• Pippa Mann: As ever, persistently working to secure funding for future races, likely on ovals as she raced in 2013.
  • James Davison: Has a full-time sports car ride with TRG’s Aston Martin Vantage, but is in play for one Indianapolis 500 seat and perhaps more.
  • Stefan Wilson: Minimal news yet for Justin’s younger brother but we need some “Bromates” action back in IndyCar at some point.
  • Conor Daly: The European exploration nearing an end, Daly has set his sights on IndyCar. Talent would do it, but he needs to find funding to put it all together.
  • Townsend Bell: Like Davison, has a full-time sports car ride with Level 5’s Ferrari 458. Will probably do his usual Indianapolis 500-only program.
  • Katherine Legge: Like Davison and Bell, committed to the TUDOR Championship with the DeltaWing, but would welcome another IndyCar chance if the funding’s there.
  • Buddy Lazier: Seems set for another Indianapolis 500 program.
  • Sam Bird: Rumored by RACER to make the switch to IndyCar, Bird’s starred in GP2 but lacks the budget needed for F1. It could be viable in IndyCar.
  • Sage Karam: The Indy Lights champion has some funding and is still working to find more for the step up.
  • Mikael Grenier: Young French-Canadian who tested for KV in November is not particularly likely to find the budget needed for a series debut.
  • Jack Hawksworth: Will test for Dale Coyne Racing this week, which already is his second in an IndyCar. The Englishman could use more seasoning, but may make the jump if his management team finds the funding.
  • Arie Luyendyk Jr.: Seems bullish on an IndyCar return and has tested once for Coyne already. If a full-season ride doesn’t happen, a month of May program could.
  • Francesco Dracone/Giuseppe Cipriani: They either have tested or will test for Coyne. Anything beyond that for either of them would be a serious stretch.
  • A.N. Other: There’s always at least one other driver completely out of the woodwork that could appear, so reserving this bullet point for them. 

Verstappen doesn’t want F1 season to end after recent run of form

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Max Verstappen says he is not ready for the 2017 Formula 1 season to come to an end after enjoying a run of strong form through the closing stages of the campaign.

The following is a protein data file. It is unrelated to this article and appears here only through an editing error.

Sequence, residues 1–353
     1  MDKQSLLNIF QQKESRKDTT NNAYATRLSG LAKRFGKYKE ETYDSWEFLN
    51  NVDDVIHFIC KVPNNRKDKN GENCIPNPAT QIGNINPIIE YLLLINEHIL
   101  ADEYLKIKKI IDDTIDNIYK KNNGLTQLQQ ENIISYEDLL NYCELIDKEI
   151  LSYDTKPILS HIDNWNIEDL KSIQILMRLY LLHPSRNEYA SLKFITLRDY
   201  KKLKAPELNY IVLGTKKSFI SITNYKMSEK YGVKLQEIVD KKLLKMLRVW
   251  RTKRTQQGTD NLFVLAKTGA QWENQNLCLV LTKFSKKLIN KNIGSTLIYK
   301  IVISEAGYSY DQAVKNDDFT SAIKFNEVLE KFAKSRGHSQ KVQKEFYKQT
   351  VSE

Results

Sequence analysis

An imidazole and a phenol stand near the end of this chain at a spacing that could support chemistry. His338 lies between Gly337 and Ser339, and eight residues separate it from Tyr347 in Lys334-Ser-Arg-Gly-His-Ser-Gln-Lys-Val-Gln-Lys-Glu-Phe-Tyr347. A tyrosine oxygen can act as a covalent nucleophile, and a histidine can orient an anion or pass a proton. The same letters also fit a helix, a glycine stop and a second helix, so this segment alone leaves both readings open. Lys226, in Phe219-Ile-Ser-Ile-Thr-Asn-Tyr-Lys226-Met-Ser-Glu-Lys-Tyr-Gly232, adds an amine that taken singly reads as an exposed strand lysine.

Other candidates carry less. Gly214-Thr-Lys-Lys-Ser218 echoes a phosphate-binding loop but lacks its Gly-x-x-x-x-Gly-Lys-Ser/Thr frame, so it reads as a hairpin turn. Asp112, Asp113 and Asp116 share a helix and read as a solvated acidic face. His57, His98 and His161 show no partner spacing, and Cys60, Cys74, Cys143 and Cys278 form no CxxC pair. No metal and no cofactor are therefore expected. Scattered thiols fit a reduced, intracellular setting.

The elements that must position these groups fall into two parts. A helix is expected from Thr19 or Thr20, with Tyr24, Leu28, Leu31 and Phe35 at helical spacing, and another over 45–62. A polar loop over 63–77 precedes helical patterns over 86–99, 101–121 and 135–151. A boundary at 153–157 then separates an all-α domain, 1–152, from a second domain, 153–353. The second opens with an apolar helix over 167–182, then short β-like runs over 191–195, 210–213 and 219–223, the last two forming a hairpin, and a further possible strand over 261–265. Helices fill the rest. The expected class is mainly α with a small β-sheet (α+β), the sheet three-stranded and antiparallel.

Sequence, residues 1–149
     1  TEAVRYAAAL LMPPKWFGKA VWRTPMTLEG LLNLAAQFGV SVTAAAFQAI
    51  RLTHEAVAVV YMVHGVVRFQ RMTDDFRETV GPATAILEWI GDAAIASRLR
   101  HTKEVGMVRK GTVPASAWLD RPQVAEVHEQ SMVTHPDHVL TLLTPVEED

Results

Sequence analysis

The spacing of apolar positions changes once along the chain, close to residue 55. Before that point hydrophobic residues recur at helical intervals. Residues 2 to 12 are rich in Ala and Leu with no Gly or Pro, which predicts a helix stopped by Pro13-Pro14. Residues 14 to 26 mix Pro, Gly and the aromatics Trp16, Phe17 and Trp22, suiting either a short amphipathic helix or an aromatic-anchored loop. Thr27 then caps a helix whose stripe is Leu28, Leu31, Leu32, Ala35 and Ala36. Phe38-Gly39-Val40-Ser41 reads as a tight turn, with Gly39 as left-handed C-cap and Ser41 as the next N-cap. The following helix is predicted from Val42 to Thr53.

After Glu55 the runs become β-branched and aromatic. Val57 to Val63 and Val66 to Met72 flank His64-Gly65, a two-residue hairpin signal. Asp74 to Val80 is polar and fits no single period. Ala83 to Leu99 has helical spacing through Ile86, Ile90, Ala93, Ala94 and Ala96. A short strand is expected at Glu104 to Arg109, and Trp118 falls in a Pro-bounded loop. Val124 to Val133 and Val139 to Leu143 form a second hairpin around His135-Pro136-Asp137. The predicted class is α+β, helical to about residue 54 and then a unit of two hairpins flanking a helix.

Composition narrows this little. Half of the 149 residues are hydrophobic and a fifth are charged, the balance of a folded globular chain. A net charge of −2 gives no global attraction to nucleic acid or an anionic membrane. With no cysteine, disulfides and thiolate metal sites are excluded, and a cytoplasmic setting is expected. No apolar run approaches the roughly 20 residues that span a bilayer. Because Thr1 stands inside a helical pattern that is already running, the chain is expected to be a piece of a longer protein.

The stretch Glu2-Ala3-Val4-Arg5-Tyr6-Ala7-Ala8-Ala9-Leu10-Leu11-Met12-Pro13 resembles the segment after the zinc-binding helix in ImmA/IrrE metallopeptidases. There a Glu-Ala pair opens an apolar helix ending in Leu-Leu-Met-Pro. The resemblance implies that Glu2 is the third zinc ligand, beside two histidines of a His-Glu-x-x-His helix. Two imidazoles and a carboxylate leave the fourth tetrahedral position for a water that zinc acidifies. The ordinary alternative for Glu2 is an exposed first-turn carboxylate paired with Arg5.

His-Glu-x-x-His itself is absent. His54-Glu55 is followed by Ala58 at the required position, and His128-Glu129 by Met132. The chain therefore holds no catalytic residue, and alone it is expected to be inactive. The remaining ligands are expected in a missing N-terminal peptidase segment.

Verstappen endured a rocky run of form through to the end of the European season that saw him suffer a number of reliability issues and score just a single podium finish, taking third in China back in April.

However, the Dutchman has rallied to score more points than any other driver in the last five races, including victories in Malaysia and Mexico, as well as a podium finish in Japan.

Verstappen heads into next weekend’s Abu Dhabi Grand Prix chasing a third win of the year to sign off, but joked he does not want the season to end just as he’s got into a good groove.

“We will, of course, try and end the season with a strong result in Abu Dhabi,” Verstappen said. “Last year was actually quite a good race after skipping a pit stop following a spin at Turn 1, it was hard to manage the tires to the end of the race but we did it and finished fourth.

“I would say that my favorite part of the track is at Turns 2 and 3, the fast left, right. It’s also very cool driving underneath the hotel and racing in the darkness with all the lights.

“The final sector at Yas Marina is actually quite technical so you have to be really precise there, but it should also be our strongest part of the track.

“There are quite a few overtaking opportunities to make the race interesting, before the long straight at the hairpin and then at the end of the straight under braking for the next chicane section.

“Abu Dhabi is the last race on the calendar, but I don’t actually want the season to end. I’m really fired up at the moment and I just want to keep going.

“The nice thing will be to spend some time with friends and family over the winter break and then I will look ahead to January and get back into training before it all starts again.”